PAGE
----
Nowadays, this technology (normal dideoxy DNA sequencing) is considered slow and out-dated
as many new technologies have been invented by various bioinformatics companies.
Roche 454 pyrosequencing and Illumina Hisequencing are two examples of next
generation sequencing methods by two different companies
o These are sued in current genome projects and speed up the process by many
orders of magnitude
These technologies are also getting cheaper and cheaper to use making them more
accessible
Roche 454 pyrosequencing has a very similar procedure to that of oligonucleotide synthesis. It
involves the immobilization of a substrate onto a bead which are immobilized in bigger wells
Starting with the entire genome, mechanical shearing occurs to tear the genome into more
manageable fragments
These fragments are then denatured (forming ssDNA) and are attached to attachments
segments
These segments then interact with a molecule (bead) within a well
The bead quickly accumulated many more DNA fragments and are immobilized in wells
within a test plate
Reagents are then added in a stepwise manner
Naveen Sooknanan McGill Fall 2011
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Pyrosequencing requires many typical reagents we have seen before, such as a template, primers,
dNTPs and DNA polymerase, but also requires new reagents:
ATP sulfurylase
Adenosine 5’ phosphosulfate (APS)
Luciferase, which is responsible for the glowing of fireflies, and luciferin, which is
required in this glowing reaction
Apyrase
Normal DNA polymerization produces a molecule of
pyrophosphate (PPi) through the hydrolysis of ATP.
The Roche 454 pyrosequencing method uses this PPi to
react with APS, catalyzed by sulfurylase, to produce
sulfate and ATP
This ATP can then be used by luciferase (with luciferin)
to produce oxyluciferin and light
The addition of 1 dNTP, therefore, will produce one pulse of light. Therefore, by controlling
which dNTP is added, we can determine the sequence of the DNA fragment
If we add dATP, the reaction will only light up where an A was added to the chain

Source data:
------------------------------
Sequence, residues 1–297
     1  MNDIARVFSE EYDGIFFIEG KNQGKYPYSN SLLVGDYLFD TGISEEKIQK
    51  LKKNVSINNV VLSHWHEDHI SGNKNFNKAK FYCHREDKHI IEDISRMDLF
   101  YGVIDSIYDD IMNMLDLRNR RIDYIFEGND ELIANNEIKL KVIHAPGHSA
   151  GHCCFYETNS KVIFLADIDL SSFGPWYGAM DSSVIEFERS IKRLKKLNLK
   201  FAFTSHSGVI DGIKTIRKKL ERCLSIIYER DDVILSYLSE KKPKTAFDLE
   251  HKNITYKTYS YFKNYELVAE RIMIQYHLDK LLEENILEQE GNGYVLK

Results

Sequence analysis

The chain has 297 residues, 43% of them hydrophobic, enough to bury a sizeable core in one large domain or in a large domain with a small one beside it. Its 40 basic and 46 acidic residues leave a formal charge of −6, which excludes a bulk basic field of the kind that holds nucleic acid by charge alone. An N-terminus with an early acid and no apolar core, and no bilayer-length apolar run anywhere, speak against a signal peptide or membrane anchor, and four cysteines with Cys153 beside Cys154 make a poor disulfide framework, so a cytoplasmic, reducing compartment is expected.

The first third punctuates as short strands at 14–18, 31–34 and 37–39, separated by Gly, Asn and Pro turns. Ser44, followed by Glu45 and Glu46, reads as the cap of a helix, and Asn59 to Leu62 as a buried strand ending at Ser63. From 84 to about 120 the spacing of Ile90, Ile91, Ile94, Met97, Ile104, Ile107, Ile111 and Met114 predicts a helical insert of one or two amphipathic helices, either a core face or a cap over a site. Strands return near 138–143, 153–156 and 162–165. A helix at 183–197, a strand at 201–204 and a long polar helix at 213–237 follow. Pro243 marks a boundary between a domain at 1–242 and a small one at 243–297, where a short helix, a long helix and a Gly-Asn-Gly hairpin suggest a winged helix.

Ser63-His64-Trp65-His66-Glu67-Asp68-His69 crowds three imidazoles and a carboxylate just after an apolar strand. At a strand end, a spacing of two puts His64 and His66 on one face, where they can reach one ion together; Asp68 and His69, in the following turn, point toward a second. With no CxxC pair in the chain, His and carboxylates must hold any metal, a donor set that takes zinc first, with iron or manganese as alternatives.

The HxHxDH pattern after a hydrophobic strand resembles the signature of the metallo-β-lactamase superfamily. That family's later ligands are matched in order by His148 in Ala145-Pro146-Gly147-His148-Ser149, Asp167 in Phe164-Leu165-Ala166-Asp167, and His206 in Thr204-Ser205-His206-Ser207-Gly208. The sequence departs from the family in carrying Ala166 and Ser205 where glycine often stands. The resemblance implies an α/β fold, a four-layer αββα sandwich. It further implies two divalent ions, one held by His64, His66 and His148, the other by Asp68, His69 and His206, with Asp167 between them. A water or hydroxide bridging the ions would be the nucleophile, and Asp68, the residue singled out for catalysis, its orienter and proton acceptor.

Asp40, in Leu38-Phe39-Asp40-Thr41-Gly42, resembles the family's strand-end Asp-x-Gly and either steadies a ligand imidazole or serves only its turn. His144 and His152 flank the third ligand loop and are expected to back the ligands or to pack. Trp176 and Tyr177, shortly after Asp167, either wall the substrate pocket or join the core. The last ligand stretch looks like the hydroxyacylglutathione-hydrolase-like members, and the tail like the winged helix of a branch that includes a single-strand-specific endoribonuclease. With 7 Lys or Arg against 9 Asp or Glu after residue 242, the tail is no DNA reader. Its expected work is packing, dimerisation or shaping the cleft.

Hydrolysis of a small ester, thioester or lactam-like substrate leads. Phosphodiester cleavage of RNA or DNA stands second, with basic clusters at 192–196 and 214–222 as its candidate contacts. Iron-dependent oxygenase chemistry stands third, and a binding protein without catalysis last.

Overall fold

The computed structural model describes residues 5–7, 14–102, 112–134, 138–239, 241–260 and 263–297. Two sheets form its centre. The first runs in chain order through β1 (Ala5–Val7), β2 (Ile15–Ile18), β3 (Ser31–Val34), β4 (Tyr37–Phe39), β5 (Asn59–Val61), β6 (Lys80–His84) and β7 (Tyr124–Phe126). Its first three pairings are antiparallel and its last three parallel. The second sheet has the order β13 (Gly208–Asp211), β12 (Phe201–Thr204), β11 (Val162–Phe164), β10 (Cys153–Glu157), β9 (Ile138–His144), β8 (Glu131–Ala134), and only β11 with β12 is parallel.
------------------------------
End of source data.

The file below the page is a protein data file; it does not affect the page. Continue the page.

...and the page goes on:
Apyrase is used to break down unused dNTPs into dNDPs, dNMPs and phosphate, as
well as ATP into ADP, AMP and phosphate to assure accurate readings
This light emmitence is detected by a sensitive machine and
its intensity is recorded. For example, if three identical
nucleotides are added (AAA) then the light emmitence is
three times as intense.
The wells all contain these immobilized beads and
many reactions take place simultaneously
Illumina Hisequencing also has resemblance of oligonucleotide synthesis because it involves the
use of a blocking agent to stop the DNA polymerization activity.
Removable blocking agents are used (similar to ddNTPs) which
stop the polymerization
Each blocking agent is labelled with a specific fluorescent dye
Similar to normal DNA sequencing, blocking agents are in much
lower concentration than regular dNTPs and are incorporated
randomly into the sequence, stopping the polymerization reaction
A machine is able to record these fluorescent labels to determine the sequence of the gene
and the blocking agent can be removed, continuing with the polymerase reaction until
another blocking agent is added
This efficiently determines all of the nucleotides in a given template, given you know a
small part of the sequence to which a primer can be attached
As can be seen from this table, regular sequencing is very slow and takes much, much longer
than next generation methods. It also costs more to sequence a genome using the classical
method